Ex-Ante

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What is 'Ex-Ante'

Ex-ante, derived from the Latin for "before the event," is a term that refers to future events, such as future returns or prospects of a company. Ex-ante analysis helps to give an idea of future movements in price or the future impact of a newly implemented policy.

An example of ex-ante analysis is when an investment company values a stock ex ante and then compares the predicted results to the actual movement of the stock's price.

BREAKING DOWN 'Ex-Ante'

"Ex-ante" refers to any prediction that is made prior to either before all of the variables are known, or generally before an event occurs. For example, an ex-ante price on a stock is an informed estimate functioning as a prediction of future events when not all variables are known. It provides for a predictive model, allowing for the uncertainty surrounding current conditions or any unknown factor that may change the outcome.

In general finance, company earnings may be predicted ex ante. Often, this involves examining current known financial data and extrapolating by considering anticipated activity and previous experiences. For example, a company may note an ex-ante rise in sales due to the release of a new model of one of its products. Ex-ante predictions can apply to anticipated gains or losses, as the term is neutral in regards to the nature of the event.

Ex-Ante and Ex-Post

Once the time allocated in the ex-ante prediction has passed, it can be compared to the actual financials, also referred to as the ex-post. This can help refine future ex-ante price predictions, as it may provide new insight into previously unknown variables. It can also be used to reassess other ex-ante prices that were based on the previous models before those variables were known.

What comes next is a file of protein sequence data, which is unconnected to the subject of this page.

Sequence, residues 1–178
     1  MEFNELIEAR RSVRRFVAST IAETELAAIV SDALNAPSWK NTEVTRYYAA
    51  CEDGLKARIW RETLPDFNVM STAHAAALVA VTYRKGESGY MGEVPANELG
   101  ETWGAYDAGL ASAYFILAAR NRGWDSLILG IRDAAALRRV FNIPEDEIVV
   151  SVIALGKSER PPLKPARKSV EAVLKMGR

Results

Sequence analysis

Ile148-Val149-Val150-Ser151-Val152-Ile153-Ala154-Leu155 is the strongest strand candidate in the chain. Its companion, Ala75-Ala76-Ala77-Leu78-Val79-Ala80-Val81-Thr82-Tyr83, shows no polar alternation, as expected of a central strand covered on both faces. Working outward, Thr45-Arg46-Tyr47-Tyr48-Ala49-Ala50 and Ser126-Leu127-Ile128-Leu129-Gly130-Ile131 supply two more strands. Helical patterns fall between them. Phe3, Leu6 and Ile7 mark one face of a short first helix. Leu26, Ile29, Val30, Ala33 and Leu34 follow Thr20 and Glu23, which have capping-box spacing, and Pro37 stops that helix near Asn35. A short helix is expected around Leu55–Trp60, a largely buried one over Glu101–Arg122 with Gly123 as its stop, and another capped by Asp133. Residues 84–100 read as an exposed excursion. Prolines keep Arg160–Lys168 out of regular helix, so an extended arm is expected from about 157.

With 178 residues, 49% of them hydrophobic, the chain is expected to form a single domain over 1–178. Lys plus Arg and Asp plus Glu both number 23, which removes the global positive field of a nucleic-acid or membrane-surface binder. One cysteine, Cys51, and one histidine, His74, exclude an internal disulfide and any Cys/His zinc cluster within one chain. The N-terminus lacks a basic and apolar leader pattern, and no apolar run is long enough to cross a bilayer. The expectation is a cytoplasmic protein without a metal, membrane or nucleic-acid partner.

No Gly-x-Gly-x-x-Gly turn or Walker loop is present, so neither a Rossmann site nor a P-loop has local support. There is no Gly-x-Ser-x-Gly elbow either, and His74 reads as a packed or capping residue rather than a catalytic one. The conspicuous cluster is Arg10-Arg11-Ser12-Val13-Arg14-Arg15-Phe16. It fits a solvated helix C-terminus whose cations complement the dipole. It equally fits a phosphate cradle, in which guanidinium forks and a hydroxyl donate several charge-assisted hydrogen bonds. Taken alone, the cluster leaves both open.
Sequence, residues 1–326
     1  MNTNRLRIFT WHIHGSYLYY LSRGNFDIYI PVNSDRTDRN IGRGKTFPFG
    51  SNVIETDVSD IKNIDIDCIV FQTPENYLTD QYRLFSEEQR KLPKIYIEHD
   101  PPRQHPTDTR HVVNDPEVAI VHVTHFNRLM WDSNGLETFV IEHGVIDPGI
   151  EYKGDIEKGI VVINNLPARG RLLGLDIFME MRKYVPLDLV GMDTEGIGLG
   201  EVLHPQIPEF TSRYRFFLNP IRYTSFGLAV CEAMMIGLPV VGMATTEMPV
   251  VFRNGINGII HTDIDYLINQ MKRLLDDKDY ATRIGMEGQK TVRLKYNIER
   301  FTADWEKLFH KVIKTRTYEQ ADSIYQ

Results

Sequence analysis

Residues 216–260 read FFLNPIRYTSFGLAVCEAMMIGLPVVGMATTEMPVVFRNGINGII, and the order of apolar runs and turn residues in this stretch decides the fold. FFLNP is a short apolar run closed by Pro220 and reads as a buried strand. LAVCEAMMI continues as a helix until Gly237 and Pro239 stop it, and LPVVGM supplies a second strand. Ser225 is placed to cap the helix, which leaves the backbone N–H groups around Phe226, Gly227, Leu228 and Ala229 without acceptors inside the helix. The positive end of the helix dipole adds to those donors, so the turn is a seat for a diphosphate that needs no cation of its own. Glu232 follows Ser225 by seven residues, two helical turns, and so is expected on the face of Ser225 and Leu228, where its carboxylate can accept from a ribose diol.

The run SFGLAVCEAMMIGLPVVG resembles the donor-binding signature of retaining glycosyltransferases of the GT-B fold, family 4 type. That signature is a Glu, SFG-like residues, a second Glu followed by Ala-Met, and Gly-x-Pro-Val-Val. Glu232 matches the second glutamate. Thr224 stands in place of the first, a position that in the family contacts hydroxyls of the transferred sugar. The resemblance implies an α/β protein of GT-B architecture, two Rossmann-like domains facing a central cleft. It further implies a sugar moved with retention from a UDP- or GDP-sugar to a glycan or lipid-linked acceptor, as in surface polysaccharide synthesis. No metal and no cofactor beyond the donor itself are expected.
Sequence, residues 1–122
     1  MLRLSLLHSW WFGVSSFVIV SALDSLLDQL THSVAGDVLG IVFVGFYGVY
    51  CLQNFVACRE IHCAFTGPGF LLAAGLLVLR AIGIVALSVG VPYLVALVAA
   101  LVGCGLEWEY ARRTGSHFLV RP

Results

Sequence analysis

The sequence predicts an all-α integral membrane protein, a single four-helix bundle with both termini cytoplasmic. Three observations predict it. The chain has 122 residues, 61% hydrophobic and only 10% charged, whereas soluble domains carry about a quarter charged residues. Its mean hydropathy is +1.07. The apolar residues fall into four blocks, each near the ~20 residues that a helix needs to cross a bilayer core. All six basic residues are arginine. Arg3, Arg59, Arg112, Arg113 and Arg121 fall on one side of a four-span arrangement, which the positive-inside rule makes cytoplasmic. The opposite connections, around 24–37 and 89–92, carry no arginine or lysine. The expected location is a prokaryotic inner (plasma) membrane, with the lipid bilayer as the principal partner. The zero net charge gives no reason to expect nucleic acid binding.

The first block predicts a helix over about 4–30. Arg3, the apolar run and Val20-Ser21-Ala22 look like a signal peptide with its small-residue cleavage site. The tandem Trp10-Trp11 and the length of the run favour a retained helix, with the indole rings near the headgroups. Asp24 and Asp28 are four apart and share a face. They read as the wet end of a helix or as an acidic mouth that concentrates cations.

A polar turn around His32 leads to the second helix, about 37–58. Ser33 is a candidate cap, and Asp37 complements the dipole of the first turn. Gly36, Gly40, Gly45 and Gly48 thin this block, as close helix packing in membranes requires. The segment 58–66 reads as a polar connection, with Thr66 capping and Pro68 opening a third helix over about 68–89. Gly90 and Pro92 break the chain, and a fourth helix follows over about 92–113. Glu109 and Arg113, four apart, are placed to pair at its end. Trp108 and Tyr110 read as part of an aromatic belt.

Ex-Ante and Trading

Market forecasts are generally considered to be ex-ante. By examining current market trends and known influences, a prediction is made regarding the direction of individual stocks and securities, or entire exchanges. Since there is no way to be certain that a new factor will not affect actual performance, the ex-ante forecast is not guaranteed to be accurate after the fact.

Often, market predictions cannot entirely understand or account for certain investor decisions. Since not all investor action is rational, it is not possible to predict certain events with absolute certainty. In cases where all factors and influences are known, then it would only apply to investments considered to have no risk. In any circumstance where there is a chance the market will respond in a way that puts the investment at risk, all associated predictions must be considered ex ante.